Given this tilting, he thinks, the government should help rebalance the ledger. If mothers are to be really free to exercise their preference, tax and employment policies should better support women who don't want to work when their children are young. This way, "women who want to combine a life of motherhood and employment could have it all—one step at a time." Gilbert's proposal is a "home-care allowance"—presumably cash from the government—for women with children up to the age of 5. Maybe this would be offered in tandem with universal preschool. Or maybe on its own.
Gilbert promises that his home-care allowance "would not mean a return to traditional family life as it was practiced a half century ago." From his perspective, that's a credible claim, because Gilbert thinks he's pushing back against great and powerful forces, the exigencies of the labor market and the call to equality from elite feminists, arrayed in favor of women working. But I'm not convinced. I see the benefits, for many families, of an arrangement in which one parent devotes himself or herself full time to childrearing until the kids are old enough for kindergarten. (Though let's admit that the "him" in that last sentence is largely aspirational.) But what's the evidence that feminists and the market have tilted the work/don't work seesaw to the extent that Gilbert thinks? Women of means aren't necessarily working in ever-greater numbers. The data is as yet inconclusive; the numbers may be falling or static rather than rising.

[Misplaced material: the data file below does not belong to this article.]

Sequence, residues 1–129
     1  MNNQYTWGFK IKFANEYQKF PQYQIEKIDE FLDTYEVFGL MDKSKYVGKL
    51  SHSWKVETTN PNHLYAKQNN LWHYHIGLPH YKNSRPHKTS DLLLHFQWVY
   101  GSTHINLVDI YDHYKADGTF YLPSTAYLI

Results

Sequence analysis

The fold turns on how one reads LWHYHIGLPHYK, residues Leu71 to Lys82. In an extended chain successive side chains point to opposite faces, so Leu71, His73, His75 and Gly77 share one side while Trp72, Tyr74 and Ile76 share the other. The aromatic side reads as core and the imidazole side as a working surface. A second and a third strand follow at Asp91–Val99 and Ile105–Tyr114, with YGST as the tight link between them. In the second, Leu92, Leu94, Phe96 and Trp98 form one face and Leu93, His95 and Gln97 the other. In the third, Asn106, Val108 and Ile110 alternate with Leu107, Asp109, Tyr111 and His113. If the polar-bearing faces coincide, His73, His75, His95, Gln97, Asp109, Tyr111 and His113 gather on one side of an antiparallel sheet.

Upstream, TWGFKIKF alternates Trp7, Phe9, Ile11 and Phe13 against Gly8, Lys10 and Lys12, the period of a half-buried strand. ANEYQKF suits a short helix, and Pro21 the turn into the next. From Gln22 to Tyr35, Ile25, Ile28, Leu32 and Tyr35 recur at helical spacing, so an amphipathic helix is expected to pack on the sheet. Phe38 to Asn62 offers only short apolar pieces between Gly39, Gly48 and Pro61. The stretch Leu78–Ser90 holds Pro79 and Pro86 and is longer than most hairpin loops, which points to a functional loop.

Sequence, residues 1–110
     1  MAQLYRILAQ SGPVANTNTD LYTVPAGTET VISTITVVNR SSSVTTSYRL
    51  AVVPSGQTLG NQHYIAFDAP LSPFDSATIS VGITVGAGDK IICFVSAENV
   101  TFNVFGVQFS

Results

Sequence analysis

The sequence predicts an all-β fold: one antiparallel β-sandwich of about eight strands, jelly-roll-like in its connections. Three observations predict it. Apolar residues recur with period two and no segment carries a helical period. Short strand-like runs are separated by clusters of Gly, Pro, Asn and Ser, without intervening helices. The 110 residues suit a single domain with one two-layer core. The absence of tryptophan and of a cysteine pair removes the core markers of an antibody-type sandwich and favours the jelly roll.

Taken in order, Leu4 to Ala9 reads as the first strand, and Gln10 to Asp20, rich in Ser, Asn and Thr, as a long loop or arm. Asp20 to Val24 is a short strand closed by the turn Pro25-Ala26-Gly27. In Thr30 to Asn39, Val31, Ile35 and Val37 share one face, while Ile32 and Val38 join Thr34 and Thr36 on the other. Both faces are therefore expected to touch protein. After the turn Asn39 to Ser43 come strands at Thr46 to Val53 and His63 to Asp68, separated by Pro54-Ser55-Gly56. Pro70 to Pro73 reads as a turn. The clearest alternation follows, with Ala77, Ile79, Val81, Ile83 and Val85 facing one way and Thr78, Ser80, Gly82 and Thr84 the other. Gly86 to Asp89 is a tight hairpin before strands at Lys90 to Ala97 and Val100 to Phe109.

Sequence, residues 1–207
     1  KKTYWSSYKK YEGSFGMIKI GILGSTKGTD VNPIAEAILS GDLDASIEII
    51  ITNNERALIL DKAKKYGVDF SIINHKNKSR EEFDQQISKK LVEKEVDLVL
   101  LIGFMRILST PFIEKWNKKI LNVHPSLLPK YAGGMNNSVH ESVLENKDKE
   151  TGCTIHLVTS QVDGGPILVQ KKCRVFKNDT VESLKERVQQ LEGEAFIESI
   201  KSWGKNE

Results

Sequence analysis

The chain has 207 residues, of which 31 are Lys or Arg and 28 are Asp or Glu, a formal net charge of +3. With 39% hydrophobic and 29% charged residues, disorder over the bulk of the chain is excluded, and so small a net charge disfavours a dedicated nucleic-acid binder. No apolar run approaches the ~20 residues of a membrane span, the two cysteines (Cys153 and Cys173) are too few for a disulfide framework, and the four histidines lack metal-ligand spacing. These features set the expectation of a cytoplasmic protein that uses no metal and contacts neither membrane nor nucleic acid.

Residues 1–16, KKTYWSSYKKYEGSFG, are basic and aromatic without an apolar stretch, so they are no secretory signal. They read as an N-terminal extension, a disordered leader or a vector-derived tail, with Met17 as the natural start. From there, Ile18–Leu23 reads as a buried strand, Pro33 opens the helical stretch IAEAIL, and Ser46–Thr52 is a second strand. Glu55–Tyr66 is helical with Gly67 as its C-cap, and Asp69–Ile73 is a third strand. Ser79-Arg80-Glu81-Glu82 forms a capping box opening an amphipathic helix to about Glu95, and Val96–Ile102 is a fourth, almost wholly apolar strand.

Let's not underestimate the countervailing domestic pressures that help nudge middle-class and wealthy women out of the work force when they have kids. (Mothers in lower-income families, of necessity, face a different calculus.) As Gilbert acknowledges, for women whose husbands make good money, employment can already seem to have marginal economic value, once they subtract the cost of child care. Another attraction is the real pleasure of the rhythm of more constant togetherness with your child and the dense stay-at-home web of activities and friendships that many mothers weave.